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Words shaping the English language

An interesting blog post at the Washington Post looks at the five words shaping our future.

Jonathon Keats proposes that “words occasionally anticipate the reality they come to reflect”, particularly now in our technological society. The words he thinks we will be using more in the future are mostly combinations of other words, for example memristor = a resistor with electrical memory.

The most interesting for me is Panglish – “a simplified future world English”.

An estimated 1.5 billion people speak English, fewer than a quarter of whom speak it as a first language. Most get by with simplified grammar and a vocabulary of a couple thousand words. Coined to identify this streamlined English, panglish has transformed the phenomenon into a topic of debate. Panglish has been vilified by English nativists afraid that their language is being gutted, and by lexical nationalists abroad terrified that panglish will sully local tongues. Yet few panglish speakers even know the word panglish. They have no need for it. Those who would decree the future of language might as well speak gibberish.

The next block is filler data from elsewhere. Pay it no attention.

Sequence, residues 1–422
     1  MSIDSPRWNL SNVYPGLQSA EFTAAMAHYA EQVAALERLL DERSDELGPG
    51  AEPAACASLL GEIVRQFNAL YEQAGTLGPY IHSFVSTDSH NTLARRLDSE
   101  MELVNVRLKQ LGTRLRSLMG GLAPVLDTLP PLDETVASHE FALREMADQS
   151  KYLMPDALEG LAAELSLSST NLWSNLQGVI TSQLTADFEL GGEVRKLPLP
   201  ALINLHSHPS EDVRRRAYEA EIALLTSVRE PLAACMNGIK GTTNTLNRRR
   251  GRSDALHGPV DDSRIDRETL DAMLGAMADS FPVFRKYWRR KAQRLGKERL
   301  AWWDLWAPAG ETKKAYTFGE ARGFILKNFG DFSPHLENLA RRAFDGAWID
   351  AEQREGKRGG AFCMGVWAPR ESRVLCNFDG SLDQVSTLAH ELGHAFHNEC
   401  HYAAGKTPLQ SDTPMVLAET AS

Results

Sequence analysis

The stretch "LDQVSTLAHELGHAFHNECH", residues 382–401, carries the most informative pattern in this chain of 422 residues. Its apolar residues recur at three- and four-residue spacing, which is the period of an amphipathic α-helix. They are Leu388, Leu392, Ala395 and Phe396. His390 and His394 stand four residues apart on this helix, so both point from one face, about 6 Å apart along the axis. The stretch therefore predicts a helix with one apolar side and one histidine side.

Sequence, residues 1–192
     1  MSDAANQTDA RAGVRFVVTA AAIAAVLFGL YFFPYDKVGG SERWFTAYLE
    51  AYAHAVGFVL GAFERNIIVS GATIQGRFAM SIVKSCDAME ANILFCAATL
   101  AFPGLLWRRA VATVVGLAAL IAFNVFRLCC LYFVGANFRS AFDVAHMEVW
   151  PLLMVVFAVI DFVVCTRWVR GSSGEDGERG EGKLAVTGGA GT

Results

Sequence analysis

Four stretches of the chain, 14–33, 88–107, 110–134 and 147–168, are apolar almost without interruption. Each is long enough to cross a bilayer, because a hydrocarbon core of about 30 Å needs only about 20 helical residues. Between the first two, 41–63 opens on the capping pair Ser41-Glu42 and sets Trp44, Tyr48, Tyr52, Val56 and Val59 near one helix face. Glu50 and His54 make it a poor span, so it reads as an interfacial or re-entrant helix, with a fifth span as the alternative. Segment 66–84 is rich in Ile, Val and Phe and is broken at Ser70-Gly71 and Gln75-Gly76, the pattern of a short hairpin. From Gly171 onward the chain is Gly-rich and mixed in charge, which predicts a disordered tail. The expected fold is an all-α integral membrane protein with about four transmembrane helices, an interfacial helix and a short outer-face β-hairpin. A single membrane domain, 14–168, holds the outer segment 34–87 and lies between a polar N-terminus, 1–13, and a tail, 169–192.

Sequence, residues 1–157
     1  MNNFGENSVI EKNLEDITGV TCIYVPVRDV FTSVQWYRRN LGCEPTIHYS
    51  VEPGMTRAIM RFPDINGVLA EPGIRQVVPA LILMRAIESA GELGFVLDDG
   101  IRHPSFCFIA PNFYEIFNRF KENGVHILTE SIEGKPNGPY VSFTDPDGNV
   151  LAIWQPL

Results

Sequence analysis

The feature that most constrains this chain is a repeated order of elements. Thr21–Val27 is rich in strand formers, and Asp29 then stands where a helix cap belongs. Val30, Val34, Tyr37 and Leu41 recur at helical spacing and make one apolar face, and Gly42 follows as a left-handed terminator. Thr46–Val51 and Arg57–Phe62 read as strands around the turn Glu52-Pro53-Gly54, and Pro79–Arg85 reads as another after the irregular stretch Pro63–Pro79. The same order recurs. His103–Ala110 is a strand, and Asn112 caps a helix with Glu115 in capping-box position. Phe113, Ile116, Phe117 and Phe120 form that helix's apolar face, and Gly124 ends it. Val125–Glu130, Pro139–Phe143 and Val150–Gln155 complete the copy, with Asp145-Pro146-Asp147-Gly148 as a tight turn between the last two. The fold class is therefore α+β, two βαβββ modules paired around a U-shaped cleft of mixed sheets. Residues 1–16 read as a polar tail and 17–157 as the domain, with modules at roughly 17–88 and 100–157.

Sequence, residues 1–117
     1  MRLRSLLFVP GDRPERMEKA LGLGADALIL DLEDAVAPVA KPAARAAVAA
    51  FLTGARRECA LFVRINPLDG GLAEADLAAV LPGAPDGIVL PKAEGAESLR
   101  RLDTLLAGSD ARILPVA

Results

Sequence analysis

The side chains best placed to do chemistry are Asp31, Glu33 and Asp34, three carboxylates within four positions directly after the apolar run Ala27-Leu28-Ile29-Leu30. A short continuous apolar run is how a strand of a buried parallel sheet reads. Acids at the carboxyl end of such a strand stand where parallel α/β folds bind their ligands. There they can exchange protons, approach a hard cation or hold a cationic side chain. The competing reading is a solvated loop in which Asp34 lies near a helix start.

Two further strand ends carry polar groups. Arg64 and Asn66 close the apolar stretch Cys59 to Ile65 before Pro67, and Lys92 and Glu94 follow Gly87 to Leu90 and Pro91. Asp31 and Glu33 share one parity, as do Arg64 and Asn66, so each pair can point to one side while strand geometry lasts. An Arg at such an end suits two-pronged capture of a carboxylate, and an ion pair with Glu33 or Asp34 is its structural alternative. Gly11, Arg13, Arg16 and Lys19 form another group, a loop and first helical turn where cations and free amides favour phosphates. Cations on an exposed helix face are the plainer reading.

The idea that everyone will speak some level of English in the future is hotly debated. Some believe English will wither away and die out, others think it will go from strength to strength. One of the world’s foremost experts on English thinks it will fragment into global dialects. In 2000, the British Council estimated that over a billion people were learning the language, so it looks healthy so far – who knows what the future will bring?